Hide Page
instagram icon

Wales’ 5 Breathtaking Areas of Outstanding Natural Beauty

Large sandy beach with green cliffs and blue skies

Wales, a land of rolling hills and dramatic coastlines. It boasts not just three National Parks, but also five Areas of Outstanding Natural Beauty (AONBs). Hidden gems offering diverse landscapes, charming villages, and a chance to reconnect with nature which is great for your wellbeing.

White lighthouse atop of a rocky and grassy hill

Anglesey (Ynys Môn)

Imagine stepping onto an island paradise adorned with dramatic cliffs, sheltered coves, and sandy beaches lapped by turquoise waters. Ynys Môn AONB, nestled off the coast of North Wales, is exactly that. Hike along the Isle of Anglesey Coastal Path, a 135-mile trail offering breathtaking ocean views. Explore ancient sites like Beaumaris Castle, a UNESCO World Heritage Site. Or delve into the island’s rich folklore at Newborough National Nature Reserve.

Aerial view of a valley, with rolling grassy green fields

Clwydian Range and Dee Valley (Bryniau Clwyd a Dyffryn Dyfrdwy)

Journey to northeast Wales and discover the rolling green tapestry of the Clwydian Range and Dee Valley AONB. Lush valleys carved by glaciers unfold beneath your feet, while the scenic River Dee winds its way through the landscape. Explore charming villages like Llangollen, a haven for canal enthusiasts. Hike or cycle along Offa’s Dyke Path, a historic trail built by an 8th-century king, offering panoramic views and whispers of the past.

Rocky cliffs on beach, meeting with bright blue water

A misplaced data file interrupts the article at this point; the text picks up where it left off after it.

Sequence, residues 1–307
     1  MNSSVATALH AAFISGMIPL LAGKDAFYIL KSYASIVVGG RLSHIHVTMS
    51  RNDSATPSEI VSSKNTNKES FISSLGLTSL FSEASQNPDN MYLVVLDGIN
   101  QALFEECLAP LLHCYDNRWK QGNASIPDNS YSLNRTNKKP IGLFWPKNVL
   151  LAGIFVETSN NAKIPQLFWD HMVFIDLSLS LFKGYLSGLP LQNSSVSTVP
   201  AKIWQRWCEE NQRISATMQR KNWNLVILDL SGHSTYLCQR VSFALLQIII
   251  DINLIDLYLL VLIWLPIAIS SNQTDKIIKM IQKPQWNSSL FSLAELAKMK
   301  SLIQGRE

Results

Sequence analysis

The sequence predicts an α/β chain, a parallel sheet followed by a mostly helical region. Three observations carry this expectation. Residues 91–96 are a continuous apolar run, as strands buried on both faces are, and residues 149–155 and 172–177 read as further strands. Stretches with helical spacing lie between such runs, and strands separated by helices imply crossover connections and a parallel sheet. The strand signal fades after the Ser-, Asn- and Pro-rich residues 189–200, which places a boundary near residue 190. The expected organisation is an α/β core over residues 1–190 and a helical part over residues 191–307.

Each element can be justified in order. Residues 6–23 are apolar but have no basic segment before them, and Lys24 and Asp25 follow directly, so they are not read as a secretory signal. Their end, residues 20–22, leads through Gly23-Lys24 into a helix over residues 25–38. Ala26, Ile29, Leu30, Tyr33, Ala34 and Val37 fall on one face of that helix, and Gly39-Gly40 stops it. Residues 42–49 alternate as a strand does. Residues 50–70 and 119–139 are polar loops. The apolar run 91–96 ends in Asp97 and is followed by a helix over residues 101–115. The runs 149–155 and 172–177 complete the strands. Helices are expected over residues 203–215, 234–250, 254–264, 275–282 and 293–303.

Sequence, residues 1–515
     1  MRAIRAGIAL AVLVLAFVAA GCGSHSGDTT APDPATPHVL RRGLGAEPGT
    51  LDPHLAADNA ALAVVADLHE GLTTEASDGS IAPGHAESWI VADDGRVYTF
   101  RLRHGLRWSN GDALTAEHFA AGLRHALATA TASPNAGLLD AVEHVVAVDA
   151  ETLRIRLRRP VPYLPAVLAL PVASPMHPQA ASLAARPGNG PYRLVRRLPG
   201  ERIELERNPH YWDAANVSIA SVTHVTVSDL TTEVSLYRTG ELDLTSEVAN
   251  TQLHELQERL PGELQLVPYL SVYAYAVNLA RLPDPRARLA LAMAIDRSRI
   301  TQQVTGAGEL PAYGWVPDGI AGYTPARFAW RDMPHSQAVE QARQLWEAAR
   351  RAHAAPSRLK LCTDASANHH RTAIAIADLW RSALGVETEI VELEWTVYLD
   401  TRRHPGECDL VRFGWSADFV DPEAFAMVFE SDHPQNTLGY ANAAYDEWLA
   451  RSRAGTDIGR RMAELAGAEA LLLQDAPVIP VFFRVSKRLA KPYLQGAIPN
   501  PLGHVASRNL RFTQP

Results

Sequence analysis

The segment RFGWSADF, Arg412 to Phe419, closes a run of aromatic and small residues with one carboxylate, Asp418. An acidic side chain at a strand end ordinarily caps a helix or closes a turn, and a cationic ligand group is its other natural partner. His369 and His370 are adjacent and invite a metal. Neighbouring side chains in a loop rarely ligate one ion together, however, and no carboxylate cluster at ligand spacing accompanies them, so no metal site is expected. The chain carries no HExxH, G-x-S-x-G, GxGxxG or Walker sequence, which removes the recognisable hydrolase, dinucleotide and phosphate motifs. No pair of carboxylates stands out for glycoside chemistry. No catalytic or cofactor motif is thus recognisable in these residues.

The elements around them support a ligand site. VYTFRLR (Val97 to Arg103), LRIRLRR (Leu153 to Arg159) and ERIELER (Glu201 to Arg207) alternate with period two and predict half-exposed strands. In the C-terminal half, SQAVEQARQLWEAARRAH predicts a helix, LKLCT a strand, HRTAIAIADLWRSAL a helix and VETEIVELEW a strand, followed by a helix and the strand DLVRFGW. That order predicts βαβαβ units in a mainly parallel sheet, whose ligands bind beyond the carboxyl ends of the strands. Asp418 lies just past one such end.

Llŷn Peninsula (Penrhyn Llŷn)

Rugged coastlines carved by the Irish Sea, secret coves whispering tales of smugglers, and charming villages steeped in tradition. The Llŷn AONB, jutting out into the northwest, is a haven for outdoor adventurers and history buffs alike. Hike the Wales Coast Path, a long-distance trail offering dramatic clifftop views, or discover hidden coves teeming with wildlife. Explore the historic town of Nefyn, a former royal court of Wales, or climb Yr Eifl, for panoramic vistas.

Blue and white waves hitting a sandy beach shoreline, with grassy cliffs

Gower (Y Gŵyr)

Step back in time and explore the beauty of the Gower, the UK’s first designated AONB. Located on the southwest coast of Wales, Gower boasts a unique combination of dramatic cliffs, pristine beaches like Three Cliffs Bay, and rolling hills dotted with ancient sites. Explore the medieval ruins of Oystermouth Castle. Hike the Gower Way, a 35-mile (56 km) trail showcasing the region’s beauty. Or visit the charming village of Mumbles, a haven for fresh seafood and watersports.

Aerial view of river running through a green field with bushy green trees

Wye Valley (Dyffryn Gwy)

Straddling the border between Wales and England, the Wye Valley AONB is a haven for nature lovers and history buffs alike. The River Wye, a designated Site of Special Scientific Interest, winds its way through wooded slopes, creating a dramatic and picturesque landscape. Hike or bike along the Wye Valley Walk, a scenic trail offering breathtaking views. Or explore the numerous historic castles that line the valley, like the imposing Chepstow Castle. Visit the charming town of Tintern, nestled amidst the ruins of Tintern Abbey, a UNESCO World Heritage Site. Or discover the region’s rich artistic heritage at the Dan yr Ogof Caves, adorned with prehistoric cave paintings.